The 10-Year Millennial Economic Slump : Education of Millennials
Numerous contradictory studies have attempted to profile the very diverse Millennial generation. Some data identifies them as big spenders adding to their debt with lifestyle products and so-called life experiences. Other studies suggest they are one of the best savers of any generation at this age. But like all generations, it’s inaccurate to place blanket labels on a generation that spans almost 20 years. Where most researchers and studies do concur is that many Millennials have been dealt an increasingly difficult economic hand.
Financial data has emerged which suggests there are three distinct segments to the Millennials based on their proximity to the Great Recession – (1) those that graduated college or entered the job market prior to the Great Recession, (2) those that entered the job market during the recession or during the post-recession high-unemployment recovery period, and (3) those entering after the economy was on its way to recovery. This is the first factoid in a series of three factoids that details these 3 different segments of Millennials in relation to education, finance and employment.
Those that entered the job market early, prior to the Recession, have definitely fared better than their younger Millennials. The second group hit a job market wall during the Great Recession and many have yet to recover as they took jobs unrelated to their college education at lower salaries. With the tightening of the job market, Millennials turned to colleges becoming the most educated generation in history.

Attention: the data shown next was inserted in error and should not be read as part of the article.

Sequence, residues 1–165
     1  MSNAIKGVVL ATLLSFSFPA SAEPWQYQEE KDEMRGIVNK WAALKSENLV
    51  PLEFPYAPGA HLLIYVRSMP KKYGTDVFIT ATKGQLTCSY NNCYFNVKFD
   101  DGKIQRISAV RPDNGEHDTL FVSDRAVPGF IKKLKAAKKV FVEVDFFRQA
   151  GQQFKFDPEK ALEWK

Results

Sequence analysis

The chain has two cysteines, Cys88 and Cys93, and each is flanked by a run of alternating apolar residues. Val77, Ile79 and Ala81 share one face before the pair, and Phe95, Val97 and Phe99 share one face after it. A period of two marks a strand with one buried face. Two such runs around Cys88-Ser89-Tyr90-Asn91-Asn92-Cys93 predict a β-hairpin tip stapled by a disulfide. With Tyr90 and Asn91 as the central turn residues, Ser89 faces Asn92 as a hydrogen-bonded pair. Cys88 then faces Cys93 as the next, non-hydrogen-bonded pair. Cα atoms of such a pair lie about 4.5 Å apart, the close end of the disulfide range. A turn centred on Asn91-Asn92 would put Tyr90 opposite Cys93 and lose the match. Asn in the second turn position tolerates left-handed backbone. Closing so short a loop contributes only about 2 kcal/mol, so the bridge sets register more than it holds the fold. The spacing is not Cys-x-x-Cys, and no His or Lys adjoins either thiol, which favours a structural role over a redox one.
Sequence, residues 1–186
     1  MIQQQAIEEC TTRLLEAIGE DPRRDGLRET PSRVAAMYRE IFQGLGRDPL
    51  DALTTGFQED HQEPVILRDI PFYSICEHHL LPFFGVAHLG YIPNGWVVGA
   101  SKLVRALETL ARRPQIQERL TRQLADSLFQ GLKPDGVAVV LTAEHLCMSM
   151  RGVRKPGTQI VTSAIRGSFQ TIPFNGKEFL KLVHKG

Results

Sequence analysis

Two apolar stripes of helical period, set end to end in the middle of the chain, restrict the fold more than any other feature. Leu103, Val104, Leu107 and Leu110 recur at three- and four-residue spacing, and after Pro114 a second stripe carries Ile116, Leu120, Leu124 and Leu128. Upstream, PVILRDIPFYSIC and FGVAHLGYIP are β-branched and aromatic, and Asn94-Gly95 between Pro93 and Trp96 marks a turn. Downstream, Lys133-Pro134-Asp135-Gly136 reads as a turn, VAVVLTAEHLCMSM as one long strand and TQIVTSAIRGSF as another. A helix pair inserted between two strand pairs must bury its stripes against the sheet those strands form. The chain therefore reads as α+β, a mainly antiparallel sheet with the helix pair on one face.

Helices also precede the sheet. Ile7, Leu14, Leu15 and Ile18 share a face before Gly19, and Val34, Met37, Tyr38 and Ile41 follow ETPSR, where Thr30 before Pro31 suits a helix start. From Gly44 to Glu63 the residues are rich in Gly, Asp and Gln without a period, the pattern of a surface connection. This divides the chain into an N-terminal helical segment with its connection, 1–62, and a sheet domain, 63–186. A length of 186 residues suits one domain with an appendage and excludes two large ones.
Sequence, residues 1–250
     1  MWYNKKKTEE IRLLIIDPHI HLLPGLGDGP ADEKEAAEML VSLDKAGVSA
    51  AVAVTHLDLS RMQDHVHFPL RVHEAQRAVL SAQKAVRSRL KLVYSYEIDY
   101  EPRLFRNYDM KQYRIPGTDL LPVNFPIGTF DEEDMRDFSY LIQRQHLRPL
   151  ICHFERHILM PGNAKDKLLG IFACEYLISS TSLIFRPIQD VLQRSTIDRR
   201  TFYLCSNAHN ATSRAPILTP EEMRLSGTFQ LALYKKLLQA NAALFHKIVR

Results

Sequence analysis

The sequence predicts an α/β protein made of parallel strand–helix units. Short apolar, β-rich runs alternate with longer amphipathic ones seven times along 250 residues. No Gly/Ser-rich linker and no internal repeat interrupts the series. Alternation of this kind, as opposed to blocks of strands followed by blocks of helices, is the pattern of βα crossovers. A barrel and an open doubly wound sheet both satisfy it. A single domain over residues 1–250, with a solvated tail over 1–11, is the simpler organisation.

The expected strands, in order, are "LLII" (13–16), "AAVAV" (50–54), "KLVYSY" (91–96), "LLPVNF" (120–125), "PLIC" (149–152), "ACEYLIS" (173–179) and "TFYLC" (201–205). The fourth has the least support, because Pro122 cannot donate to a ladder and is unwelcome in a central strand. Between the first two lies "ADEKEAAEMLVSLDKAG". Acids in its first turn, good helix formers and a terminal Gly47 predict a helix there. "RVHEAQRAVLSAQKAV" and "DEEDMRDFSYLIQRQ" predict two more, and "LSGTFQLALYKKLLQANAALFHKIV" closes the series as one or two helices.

29 percent of Millennial men and 36 percent of Millennial women completed at least a bachelor’s degree compared to just 15 percent of men and 9 percent of women 50 years ago. While the percentage has increased with for both sexes with each generation, women now exceed men as college graduates by 7 percent.
Some Millennials aren’t sure how much that education has helped them. The National Association of Colleges and Employers (NACE) tracks starting salaries by year of graduation and finds that 2004 through 2007, those early graduates averaged starting salaries of $42,619. Salaries in the second group graduating during the Great Recession and partial recovery, 2008 to 2011, averaged $41,607. But as the recovery has moved forward, 2012 to 2016 (most current data), starting salaries jumped to an average of $48,169.
Source: Pew Research Center’s “How Millennials today compare with their grandparents 50 years ago,” March 16 2018; U.S. Census Bureau , Current Population Survey Annual Social and Economic Supplement (ASEC)
NACE, National Association of Colleges and Employees “Salary Survey Report”